The above is confusing, we were expecting to see some kind of irregularity, or problem. Yet the waveform looked good. We thought it was strange that the sensors had different outputs but we all know OEM’s like to confuse us sometimes. We then moved onto the vehicle speed sensor (VSS) whilst the vehicle was still raised off the ramp. We drove the vehicle on the spot and again the vehicle was erratic.

Honda Shaft VSS.png


Now we could see from this, something didn’t look right. You can see by the detail at the beginning of the waveform, it looks all ‘blocky’. We then zoomed into the waveform to take a closer look.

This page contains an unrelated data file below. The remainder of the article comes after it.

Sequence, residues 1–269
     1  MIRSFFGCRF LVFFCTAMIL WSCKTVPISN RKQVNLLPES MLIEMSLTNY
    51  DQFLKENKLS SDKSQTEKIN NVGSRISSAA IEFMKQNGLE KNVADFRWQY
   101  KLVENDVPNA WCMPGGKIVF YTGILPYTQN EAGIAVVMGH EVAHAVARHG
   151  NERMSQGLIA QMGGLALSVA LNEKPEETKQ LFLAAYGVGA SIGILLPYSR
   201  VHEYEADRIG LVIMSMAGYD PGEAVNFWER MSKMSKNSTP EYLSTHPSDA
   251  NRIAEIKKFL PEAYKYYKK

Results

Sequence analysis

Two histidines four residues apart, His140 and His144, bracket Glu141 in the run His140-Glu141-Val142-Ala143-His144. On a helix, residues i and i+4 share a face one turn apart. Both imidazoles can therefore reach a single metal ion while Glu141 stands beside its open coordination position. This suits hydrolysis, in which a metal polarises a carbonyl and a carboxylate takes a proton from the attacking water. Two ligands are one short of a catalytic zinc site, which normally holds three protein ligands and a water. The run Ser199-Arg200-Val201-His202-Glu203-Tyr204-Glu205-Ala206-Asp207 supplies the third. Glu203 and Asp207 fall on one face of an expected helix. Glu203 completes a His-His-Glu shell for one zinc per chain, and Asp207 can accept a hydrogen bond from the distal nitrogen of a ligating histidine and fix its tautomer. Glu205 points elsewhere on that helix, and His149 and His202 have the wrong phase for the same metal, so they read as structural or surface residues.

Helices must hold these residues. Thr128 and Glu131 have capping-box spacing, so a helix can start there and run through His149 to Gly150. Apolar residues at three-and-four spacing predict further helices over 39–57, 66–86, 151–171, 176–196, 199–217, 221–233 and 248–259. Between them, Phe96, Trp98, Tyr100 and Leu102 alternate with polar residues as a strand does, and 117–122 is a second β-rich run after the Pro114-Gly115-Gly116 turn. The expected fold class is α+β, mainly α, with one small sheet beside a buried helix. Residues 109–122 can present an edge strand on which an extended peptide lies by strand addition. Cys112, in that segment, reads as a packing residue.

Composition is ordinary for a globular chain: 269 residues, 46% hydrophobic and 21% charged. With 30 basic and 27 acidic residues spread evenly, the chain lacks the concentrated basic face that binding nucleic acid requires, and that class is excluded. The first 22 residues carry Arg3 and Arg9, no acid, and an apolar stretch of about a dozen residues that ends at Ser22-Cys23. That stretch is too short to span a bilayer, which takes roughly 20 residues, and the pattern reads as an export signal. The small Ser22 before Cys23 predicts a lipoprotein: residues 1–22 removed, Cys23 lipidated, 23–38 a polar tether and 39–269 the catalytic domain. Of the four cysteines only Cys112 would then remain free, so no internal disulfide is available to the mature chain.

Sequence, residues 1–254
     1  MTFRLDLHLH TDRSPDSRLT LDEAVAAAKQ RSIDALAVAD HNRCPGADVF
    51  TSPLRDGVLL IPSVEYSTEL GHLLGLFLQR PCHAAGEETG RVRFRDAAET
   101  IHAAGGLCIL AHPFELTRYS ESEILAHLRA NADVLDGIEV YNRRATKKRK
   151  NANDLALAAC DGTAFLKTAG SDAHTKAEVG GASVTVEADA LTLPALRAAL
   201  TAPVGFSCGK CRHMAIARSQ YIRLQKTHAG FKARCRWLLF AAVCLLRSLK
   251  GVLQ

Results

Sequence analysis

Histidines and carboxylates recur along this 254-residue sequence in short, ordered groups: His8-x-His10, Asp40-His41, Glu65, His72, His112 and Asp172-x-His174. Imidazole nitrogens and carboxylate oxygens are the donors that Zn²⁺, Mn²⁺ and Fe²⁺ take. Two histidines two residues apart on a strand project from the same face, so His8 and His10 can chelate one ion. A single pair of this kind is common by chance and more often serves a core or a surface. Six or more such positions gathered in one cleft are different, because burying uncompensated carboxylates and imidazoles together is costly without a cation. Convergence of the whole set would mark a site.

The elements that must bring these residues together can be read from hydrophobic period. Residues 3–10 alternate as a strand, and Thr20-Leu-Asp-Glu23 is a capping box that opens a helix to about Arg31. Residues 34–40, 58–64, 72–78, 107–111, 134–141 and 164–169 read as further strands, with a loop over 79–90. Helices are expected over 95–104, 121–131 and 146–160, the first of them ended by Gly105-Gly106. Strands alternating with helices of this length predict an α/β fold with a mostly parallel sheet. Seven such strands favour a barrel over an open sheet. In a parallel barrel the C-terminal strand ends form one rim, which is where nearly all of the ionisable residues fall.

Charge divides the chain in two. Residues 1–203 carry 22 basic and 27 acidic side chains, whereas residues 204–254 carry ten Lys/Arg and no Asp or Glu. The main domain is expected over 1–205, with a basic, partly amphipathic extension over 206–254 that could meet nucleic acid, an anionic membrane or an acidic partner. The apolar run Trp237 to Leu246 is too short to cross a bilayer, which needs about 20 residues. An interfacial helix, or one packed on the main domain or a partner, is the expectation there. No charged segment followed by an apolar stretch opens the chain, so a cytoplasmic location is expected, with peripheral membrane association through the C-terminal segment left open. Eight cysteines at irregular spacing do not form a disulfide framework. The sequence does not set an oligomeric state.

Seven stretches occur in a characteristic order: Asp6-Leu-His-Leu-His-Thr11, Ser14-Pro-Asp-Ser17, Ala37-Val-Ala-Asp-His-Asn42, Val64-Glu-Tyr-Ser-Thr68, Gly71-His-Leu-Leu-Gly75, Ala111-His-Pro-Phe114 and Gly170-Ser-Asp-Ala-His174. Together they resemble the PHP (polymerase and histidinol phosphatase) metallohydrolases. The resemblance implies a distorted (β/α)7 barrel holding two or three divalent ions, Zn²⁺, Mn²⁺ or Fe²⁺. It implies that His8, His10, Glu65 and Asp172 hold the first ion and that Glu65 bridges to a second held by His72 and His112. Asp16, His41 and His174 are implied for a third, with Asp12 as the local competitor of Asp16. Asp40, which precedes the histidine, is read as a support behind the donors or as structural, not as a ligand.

Honda Shaft VSS (Zoomed).png


This definitely didn’t look right, this output was definitely wrong. Earlier we mentioned the gearbox was covered in oil, we removed the multi-plug from the sensor and it was full of oil. We cleaned out the connector on the sensor, cleaned out the multi-plug on the wiring loom. We inspected the wiring as we thought if it had sat submerged in oil, it was best to inspect it for any damage etc. The wiring looked good; we reconnected the sensor and re-ran our static road test. The vehicle ran fine! No erratic behaviour. We scoped the sensor just to verify the output looked normal.

Honda Shaft VSS after cleaning.png


It certainly looked a lot better than before, and zooming in further proved the output was perfect.

Honda Shaft VSS after cleaning (Zoomed).png


We were more than happy with this. We disconnected the scope, got the vehicle off the ramp and took the vehicle out for a road test and confirmed that the vehicle was now driving normally.